Methods  of irrigation
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Methods  of irrigation Methods of irrigation Document Transcript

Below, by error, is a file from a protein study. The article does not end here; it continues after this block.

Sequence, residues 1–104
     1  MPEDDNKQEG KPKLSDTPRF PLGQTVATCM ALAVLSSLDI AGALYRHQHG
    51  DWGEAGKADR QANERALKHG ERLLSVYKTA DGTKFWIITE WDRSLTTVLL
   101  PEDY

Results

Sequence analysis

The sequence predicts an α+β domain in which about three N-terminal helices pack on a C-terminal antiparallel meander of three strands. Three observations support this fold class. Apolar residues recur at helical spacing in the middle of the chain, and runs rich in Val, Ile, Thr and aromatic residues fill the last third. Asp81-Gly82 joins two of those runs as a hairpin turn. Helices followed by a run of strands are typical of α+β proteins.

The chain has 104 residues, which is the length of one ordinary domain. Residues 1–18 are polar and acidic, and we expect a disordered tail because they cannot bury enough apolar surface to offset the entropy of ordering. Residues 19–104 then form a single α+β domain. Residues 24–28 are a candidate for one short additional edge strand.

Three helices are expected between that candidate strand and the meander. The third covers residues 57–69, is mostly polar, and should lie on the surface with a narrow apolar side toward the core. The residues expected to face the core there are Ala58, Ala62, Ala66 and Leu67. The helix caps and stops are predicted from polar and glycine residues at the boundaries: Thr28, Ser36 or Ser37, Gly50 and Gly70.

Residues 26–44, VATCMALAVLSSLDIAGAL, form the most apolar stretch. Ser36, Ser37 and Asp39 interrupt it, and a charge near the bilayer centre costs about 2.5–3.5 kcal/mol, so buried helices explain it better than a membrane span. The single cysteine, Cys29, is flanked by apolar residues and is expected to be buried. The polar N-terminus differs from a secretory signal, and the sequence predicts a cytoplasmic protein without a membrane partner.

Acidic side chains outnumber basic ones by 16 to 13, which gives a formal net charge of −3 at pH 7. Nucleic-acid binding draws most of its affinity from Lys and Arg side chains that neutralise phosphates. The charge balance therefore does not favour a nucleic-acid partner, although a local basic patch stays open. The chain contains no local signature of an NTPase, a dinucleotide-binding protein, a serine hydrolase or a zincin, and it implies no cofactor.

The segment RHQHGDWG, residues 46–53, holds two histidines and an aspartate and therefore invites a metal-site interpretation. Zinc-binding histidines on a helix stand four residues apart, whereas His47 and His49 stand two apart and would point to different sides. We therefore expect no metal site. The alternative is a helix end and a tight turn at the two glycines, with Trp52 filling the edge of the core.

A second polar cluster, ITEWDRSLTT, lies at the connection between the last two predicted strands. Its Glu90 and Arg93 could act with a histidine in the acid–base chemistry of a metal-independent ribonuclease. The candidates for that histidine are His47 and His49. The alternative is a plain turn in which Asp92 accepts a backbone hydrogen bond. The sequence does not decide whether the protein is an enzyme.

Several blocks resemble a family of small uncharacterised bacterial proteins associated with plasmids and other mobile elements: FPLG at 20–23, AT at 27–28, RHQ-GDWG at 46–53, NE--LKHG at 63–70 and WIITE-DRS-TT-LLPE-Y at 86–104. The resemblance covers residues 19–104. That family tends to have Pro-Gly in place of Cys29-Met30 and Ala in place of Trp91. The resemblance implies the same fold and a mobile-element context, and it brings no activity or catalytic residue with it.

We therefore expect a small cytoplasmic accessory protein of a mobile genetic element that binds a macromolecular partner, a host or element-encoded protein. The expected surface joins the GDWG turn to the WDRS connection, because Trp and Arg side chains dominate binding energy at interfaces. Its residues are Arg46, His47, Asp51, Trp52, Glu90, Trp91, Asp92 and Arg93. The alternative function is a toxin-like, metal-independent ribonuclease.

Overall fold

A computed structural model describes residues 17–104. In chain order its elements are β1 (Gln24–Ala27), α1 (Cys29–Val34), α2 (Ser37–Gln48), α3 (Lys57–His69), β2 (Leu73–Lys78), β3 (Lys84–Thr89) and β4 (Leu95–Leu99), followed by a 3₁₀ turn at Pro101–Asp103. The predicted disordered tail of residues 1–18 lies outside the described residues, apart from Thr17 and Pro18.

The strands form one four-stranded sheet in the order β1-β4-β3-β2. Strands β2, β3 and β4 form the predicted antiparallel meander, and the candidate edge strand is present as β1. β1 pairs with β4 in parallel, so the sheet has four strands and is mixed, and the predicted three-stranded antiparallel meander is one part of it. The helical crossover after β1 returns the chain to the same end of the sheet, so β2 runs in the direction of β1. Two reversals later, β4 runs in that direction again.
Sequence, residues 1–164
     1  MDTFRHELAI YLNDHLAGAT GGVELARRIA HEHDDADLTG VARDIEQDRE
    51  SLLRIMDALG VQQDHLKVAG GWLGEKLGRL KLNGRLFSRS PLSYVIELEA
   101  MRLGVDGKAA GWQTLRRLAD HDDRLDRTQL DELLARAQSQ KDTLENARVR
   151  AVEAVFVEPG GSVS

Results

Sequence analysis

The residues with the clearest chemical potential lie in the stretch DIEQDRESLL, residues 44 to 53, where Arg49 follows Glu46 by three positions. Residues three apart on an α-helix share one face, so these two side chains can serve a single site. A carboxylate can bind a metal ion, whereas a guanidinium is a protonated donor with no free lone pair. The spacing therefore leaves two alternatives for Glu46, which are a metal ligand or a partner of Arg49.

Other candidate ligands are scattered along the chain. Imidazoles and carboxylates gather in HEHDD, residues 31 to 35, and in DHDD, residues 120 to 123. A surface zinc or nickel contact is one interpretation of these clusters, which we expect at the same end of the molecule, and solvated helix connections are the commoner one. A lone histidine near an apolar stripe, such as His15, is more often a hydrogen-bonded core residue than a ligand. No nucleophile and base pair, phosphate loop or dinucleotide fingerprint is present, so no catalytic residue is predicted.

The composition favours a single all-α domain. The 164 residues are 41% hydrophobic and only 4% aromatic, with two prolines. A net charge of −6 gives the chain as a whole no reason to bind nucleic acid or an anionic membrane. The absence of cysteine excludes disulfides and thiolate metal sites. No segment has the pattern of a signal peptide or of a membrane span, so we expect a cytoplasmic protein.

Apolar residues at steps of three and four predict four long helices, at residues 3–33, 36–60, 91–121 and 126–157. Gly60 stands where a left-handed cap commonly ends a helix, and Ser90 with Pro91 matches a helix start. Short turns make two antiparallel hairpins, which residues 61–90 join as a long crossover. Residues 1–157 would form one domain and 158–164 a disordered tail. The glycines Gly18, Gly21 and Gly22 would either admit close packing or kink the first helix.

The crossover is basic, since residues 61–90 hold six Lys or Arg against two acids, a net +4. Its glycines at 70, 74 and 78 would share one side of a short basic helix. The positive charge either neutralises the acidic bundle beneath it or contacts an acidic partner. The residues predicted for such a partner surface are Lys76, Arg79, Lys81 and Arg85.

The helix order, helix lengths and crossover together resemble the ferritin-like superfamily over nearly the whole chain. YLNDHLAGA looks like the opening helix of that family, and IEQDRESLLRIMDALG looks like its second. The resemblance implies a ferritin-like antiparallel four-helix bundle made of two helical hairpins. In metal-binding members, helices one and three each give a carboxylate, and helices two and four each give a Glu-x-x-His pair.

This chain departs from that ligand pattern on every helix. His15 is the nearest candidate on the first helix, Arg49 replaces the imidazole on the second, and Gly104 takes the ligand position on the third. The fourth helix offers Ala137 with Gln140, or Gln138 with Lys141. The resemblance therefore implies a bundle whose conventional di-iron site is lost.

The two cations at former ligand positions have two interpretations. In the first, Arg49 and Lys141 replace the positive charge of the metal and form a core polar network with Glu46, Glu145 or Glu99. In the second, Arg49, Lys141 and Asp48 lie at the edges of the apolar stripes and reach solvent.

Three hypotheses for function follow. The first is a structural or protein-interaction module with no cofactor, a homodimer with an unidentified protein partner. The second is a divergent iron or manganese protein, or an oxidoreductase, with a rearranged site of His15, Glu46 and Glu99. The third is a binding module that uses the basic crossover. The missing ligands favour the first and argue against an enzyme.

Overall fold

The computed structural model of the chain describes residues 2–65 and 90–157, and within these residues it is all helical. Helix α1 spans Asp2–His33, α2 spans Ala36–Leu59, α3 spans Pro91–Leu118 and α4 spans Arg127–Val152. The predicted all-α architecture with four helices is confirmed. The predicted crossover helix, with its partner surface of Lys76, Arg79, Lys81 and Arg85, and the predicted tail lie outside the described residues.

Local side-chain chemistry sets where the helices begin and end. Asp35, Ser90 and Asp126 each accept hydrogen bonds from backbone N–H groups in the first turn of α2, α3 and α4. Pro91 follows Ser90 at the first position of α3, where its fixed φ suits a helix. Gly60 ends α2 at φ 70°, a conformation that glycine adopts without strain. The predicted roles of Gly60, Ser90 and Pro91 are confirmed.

• 3. METHODS OF IRRIGATION<br />Irrigation water can be applied to crop lands using one of the following irrigation methods :<br />(i)Surface irrigation<br />(a)Uncontrolled (or wild or free) flooding method,<br />(b)Border strip method,<br />(c)Check method,<br />(d)Basin method, and<br />(e)Furrow method.<br />(ii)Subsurface irrigation<br />(iii)Sprinkler irrigation<br />(iv)Trickle(Drip) irrigation<br />Each of the above methods has some advantages and disadvantages, and the choice of the method depends on the following factors:<br />(i)Size, shape, and slope of the field,<br />(ii)Soil characteristics,<br />(iii)Nature and availability of the water supply subsystem,<br />(iv)Types of crops being grown,<br />(v)Initial development costs and availability of funds, and<br />(vi)Preferences and past experience of the farmer<br />Surface Irrigation<br />In all the surface methods of irrigation, water is either ponded on the soil or allowed to flow continuously over the soil surface for the duration of irrigation. Although surface irrigation is the oldest and most common method of irrigation, it does not result in high levels of performance. This is mainly because of uncertain infiltration rates which are affected by year-to-year changes in the cropping pattern, cultivation practices, climatic factors, and many other factors. As a result, correct estimation of irrigation efficiency of surface irrigation is difficult. Application efficiencies for surface methods may range from about 40 to 80 per cent.<br />(a) Uncontrolled Flooding<br />When water is applied to the cropland without any preparation of land and without any levees to guide or restrict the flow of water on the field, the method is called ‘uncontrolled’, wild or ‘free’ flooding. In this method of flooding, water is brought to field ditches and then admitted at one end of the field thus letting it flood the entire field without any control. Uncontrolled flooding generally results in excess irrigation at the inlet region of the field and insufficient irrigation at the outlet end. Application efficiency is reduced because of either deep percolation (in case of longer duration of flooding) or flowing away of water (in case of shorter flooding duration) from the field. The application efficiency would also depend on the depth of flooding, the rate of intake of water into the soil, the size of the stream, and topography of the field.<br />Obviously, this method is suitable when water is available in large quantities, the land surface is irregular, and the crop being grown is unaffected because of excess water. The advantage of this method is the low initial cost of land preparation. <br />(b) Border Strip Method<br />Border strip irrigation (or simply ‘border irrigation’) is a controlled surface flooding method of applying irrigation water. In this method, the farm is divided into a number of strips. These strips are separated by low levees (or borders).<br />Water from the supply ditch is diverted to these strips along which it flows slowly towards the downstream end and in the process it wets and irrigates the soil. When the water supply is stopped, it recedes from the upstream end to the downsteam end. The border strip method is suited to soils of moderately low to moderately high intake rates and low erodibility.This method, however, requires preparation of land involving high initial cost.<br />(c) Check Method<br />The check method of irrigation is based on rapid application of irrigation water to a level or nearly level area completely enclosed by dikes. In this method, the entire field is divided into a number of almost levelled plots (compartments or ‘Kiaries’) surrounded by levees. Water is admitted from the farmer’s watercourse to these plots turn by turn. This method is suitable for a wide range of soils ranging from very permeable to heavy soils. The farmer has very good control over the distribution of water in different areas of his farm. Loss of water through deep percolation (near the supply ditch) and surface runoff can be minimised and adequate irrigation of the entire farm can be achieved. Thus, application efficiency is higher for this method. However, this method requires constant attendance and work (allowing and closing the supplies to the levelled plots). Besides, there is some loss of cultivable area which is occupied by the levees. Sometimes, levees are made sufficiently wide so that some ‘row’ crops can be grown over the levee surface.<br />(d) Basin Method<br />This method is frequently used to irrigate orchards. Generally, one basin is made for one tree. However, where conditions are favourable, two or more trees can be included in one basin.<br />(e) Furrow Method<br />In the surface irrigation methods, the entire land surface is flooded during each irrigation. An alternative to flooding the entire land surface is to construct small channels along the primary direction of the movement of water and letting the water flow through these channels which are termed ‘furrows’, ‘creases’ or ‘corrugation’. Furrows are small channels having a continuous and almost uniform slope in the direction of irrigation. Water infiltrates through the wetted perimeter of the furrows and moves vertically and then laterally to saturate the soil. Furrows are used to irrigate crops planted in rows.<br />Furrows necessitate the wetting of only about half to one-fifth of the field surface. This reduces the evaporation loss considerably. Furrows provide better on-farm water management capabilities for most of the surface irrigation conditions, and variable and severe topographical conditions. For example, with the change in supply conditions, number of simultaneously supplied furrows can be easily changed. In this manner, very high irrigation efficiency can be achieved.<br />The following are the disadvantages of furrow irrigation:<br />Loss of water at the downstream end unless end dikes are used,<br />The necessity of furrow construction,<br />Possibility of increased erosion, and<br />Furrow irrigation requires more labour than any other surface irrigation method.<br />Subsurface Irrigation<br />Subsurface irrigation (or simply sub irrigation) is the practice of applying water to soils directly under the surface. Moisture reaches the plant roots through capillary action. The conditions which favor sub irrigation are as follows:<br />(i)Impervious subsoil at a depth of 2 meters or more,<br />(ii)A very permeable subsoil,<br />(iii)A permeable loam or sandy loam surface soil,<br />(iv)Uniform topographic conditions, and<br />(v)Moderate ground slopes.<br />In natural sub irrigation, water is distributed in a series of ditches about 0.6 to 0.9 meter deep and 0.3 meter wide having vertical sides. These ditches are spaced 45 to 90 meters apart. Sometimes, when soil conditions are favorable for the production of cash crops (i.e., high-priced crops) on small areas, a pipe distribution system is placed in the soil well below the surface. This method of applying water is known as artificial sub-irrigation. Soils which permit free lateral movement of water, rapid capillary movement in the root-zone soil, and very slow downward movement of water in the subsoil are very suitable for artificial sub-irrigation. The cost of such methods is very high. However, the water consumption is as low as one-third of the surface irrigation methods. The yield also improves. <br />Sprinkler Irrigation<br />Sprinkling is the method of applying water to the soil surface in the form of a spray which is somewhat similar to rain. In this method, water is sprayed into the air and allowed to fall on the soil surface in a uniform pattern at a rate less than the infiltration rate of the soil. This method started in the beginning of this century and was initially limited to nurseries and orchards. In the beginning, it was used in humid regions as a supplemental method of irrigation. This method is popular in the developed countries and is gaining popularity in the developing countries too.<br />Rotating sprinkler-head systems are commonly used for sprinkler irrigation. Each rotating sprinkler head applies water to a given area, size of which is governed by the nozzle size and the water pressure. Alternatively, perforated pipe can be used to deliver water through very small holes which are drilled at close intervals along a segment of the circumference of a pipe. The trajectories of these jets provide fairly uniform application of water over a strip of cropland along both sides of the pipe. With the availability of flexible PVC pipes, the sprinkler systems can be made portable too.<br />Sprinklers have been used on all types of soils on lands of different topography and slopes, and for many crops. The following conditions are favorable for sprinkler irrigation:<br />Very previous soils which do not permit good distribution of water by surface methods,<br />Lands which have steep slopes and easily erodible soils,<br />Irrigation channels which are too small to distribute water efficiently by surface irrigation, and<br />Lands with shallow soils and undulating lands which prevent proper leveling required for surface methods of irrigation.<br />Advantages:<br />Low water loss (efficiency up to 80%)<br />Saving in fertilizer<br />Suitable for any topography<br />No soil erosion<br />Better seed germination, free aeration of root zone<br />Uniform application of water<br />Disadvantages<br />High initial cost, cannot adopt by ordinary farmers<br />Poor application efficiency in windy weather and high temperature<br />High evaporation losses<br />Water should be free of debris<br />Equipments need careful handling<br />Physical damage to crops by application of high intensity spray<br />Power requires for running pumping unit<br /> Trickle (Drip) Irrigation<br />Trickle irrigation (also known as drip irrigation) system comprises main line, sub mains, laterals, valves (to control the flow), drippers or emitters (to supply water to the plants), pressure gauges, water meters, filters (to remove all debris, sand and clay to reduce clogging of the emitters), pumps, fertilizer tanks, vacuum breakers, and pressure regulators. The drippers are designed to supply water at the desired rate (1 to 10 liters per hour) directly to the soil. Low pressure heads at the emitters are considered adequate as the soil capillary forces causes the emitted water to spread laterally and vertically. Flow is controlled manually or set to automatically either (i) deliver desired amount of water for a predetermined time, or (ii) supply water whenever soil moisture decreases to a predetermined amount. A line sketch of a typical drip irrigation system is shown in Fig.<br />lefttopAdvantages:<br />Low water loss and hence saves water<br />Enhances plant growth and plant yield<br />Saves labor and energy<br />Control weed growth<br />No soil erosion<br />Improves fertilizer application efficiency<br />Disadvantages:<br />High skill in design, installation, and subsequent operation<br />Clogging of small conduits and openings in emitters due to sand, clay particles, debris, chemical precipitates and organic growth<br />Not suitable for closely planted crops such as wheat and other cereal grains<br />lefttop<br />Quality of irrigation water<br />Irrigation water must not have direct or indirect undesirable effects on the health of human beings, animals, and plants. The irrigation water must not damage the soil and not endanger the quality of surface and ground waters with which it comes into contact. The presence of toxic substances in irrigation water may threaten the vegetation besides degrading the suitability of soil for future cultivation. Surface water, ground water, and suitably treated waste waters are generally used for irrigation purposes. In examining the quality of irrigation water, attention is focused on the physical, chemical, and biological properties of such water.<br />The various types of impurities, which make the water unfit for irrigation, are classified as:<br />Sediment concentration in water<br />Total concentration of soluble salts in water<br />Proportion of sodium ions to other ions<br />Concentration of potentially toxic elements present in water<br />Bacterial contamination<br />REFRENCES:<br />Garg,S.K(2007) ,Irrigation Engineering and Hydraulic Structures, Khanna Publishers,New Delhi<br />Asawa,G.L(2008),Irrigation and Water Resource Engineering,New Age International Publishers, New Delhi<br />